One day we will be able to 3D print functioning combustion engines in 1:10 scale, but for now the car will have to be driven by regular old electric motor, it’s sad but true, I know!
Why Reduction Is Needed
Small electric motors spin incredibly fast, but don’t generate much torque. In order to make them useful we need to gear them down appropriately.
Most RC cars get the majority of the reduction done in the first step, using a very small pinion on the motor, and a very large spur gear, but this is not really suitable for a realistically shaped gearbox, so I will use multiple stages of gears to achieve the desired reduction.
I have the following design goals for this reduction box.
- Motor must be low (for centre of gravity)
- Fully printable (without support wherever possible)
- Strong gears, big teeth, easy to print
- All gears to be hidden in a (semi) realistic enclosure
- Minimize unique parts
Selecting a Ratio
Although you can get a lot of power out of a 48V brushless motor, they still need a lot of gearing down, so it’s time to design a reduction gearbox.
I have done some rough “back of the napkin” calculations which show that a final drive ratio of about 8.5 will be decent starting point. The glory of printing is that we can experiment and revise once the car is working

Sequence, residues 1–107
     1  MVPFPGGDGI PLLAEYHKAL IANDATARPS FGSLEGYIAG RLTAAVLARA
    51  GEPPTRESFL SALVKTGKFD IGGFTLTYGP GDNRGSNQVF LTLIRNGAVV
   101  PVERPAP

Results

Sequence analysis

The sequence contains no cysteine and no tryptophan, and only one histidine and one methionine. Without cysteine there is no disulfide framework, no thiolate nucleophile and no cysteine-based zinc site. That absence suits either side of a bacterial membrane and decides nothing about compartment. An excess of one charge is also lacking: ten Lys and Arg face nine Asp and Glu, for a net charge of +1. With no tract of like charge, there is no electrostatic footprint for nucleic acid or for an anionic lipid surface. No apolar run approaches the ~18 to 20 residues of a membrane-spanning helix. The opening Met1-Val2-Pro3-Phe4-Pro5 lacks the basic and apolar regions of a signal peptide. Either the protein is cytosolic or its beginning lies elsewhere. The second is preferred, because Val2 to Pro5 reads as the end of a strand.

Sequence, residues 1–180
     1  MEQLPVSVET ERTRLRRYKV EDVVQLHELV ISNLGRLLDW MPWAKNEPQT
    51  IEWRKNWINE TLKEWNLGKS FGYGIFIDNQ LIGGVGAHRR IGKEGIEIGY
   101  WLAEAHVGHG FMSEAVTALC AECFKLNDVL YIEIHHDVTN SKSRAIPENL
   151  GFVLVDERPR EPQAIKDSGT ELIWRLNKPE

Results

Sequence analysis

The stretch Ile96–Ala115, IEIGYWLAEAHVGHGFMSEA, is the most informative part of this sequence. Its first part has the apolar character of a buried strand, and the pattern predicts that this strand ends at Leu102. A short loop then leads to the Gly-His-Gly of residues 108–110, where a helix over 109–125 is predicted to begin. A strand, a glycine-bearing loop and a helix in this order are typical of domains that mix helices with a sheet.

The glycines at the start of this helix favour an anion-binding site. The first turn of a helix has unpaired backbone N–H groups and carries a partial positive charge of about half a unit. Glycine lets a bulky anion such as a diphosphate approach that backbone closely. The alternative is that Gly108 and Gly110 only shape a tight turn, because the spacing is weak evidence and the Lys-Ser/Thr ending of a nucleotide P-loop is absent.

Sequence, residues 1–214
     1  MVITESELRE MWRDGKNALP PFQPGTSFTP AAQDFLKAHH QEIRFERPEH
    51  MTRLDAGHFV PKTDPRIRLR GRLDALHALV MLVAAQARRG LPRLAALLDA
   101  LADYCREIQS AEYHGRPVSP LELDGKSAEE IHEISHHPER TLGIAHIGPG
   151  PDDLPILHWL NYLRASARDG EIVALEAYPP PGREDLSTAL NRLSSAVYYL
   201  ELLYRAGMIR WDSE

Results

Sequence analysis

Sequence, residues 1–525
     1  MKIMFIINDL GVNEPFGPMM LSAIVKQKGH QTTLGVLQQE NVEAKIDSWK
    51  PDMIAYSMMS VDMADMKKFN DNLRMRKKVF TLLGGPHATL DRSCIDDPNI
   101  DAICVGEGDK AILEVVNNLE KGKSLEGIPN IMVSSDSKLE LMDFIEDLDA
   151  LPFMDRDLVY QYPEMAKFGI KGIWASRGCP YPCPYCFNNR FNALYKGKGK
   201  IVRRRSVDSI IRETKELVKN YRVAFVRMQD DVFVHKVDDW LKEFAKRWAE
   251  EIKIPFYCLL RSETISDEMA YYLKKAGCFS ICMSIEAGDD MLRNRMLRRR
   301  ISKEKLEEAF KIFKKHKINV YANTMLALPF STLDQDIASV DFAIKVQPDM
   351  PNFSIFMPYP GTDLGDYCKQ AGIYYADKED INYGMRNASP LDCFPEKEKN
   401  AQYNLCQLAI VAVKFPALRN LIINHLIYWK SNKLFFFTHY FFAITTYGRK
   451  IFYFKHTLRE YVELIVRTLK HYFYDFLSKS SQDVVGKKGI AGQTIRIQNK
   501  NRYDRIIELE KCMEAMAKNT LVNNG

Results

|Theoretical Max Speed Calculation
|Brushless Motor kV equivalent (2S)
|Brushless Motor kV equivalent (3S)
|Final Drive Ratio
|Rear Wheel Diameter (mm)
|Distance in One Wheel Revolution (mm)
|Distance in One Motor Revolution (mm)
Although I did not use this tool to generate the gear profiles, I find it very useful for visualising a complete setup, you can follow this link to mess around with it yourself (link).
I decided on a stackable gearbox design, which consists of repeats of the same section, each one accounting for a 11/17 reduction in final drive ratio, resulting in a 5.7:1 ratio at the output.
This leaves room for a further reduction at rear axle (13/21, for example, would result in a final drive of 9.2:1)
Just because we are forced to use an electric motor doesn’t mean we have to look at one, so I began the design of a Merlin V12, scaled to 1:10. This engine will go over the electric motor, and given it’s size, probably also hide some electronics or the steering servo.
There are of course many details to go, but having the rough shape helps me work out the car’s final dimensions.
The gearbox can be orientated horizontally or vertically, which I am not yet decided on. I prefer the vertical orientation for aesthetic reasons, but horizontal may be more practical.
Either way, the motor stays at the lowest point, and the output is roughly in line with the rear axle input shaft.
The next most pressing issue is probably to design the rear axle, and the telescoping driveshaft that will connect it to the gearbox, so stay tuned. In the meantime, I am curious to hear your thoughts!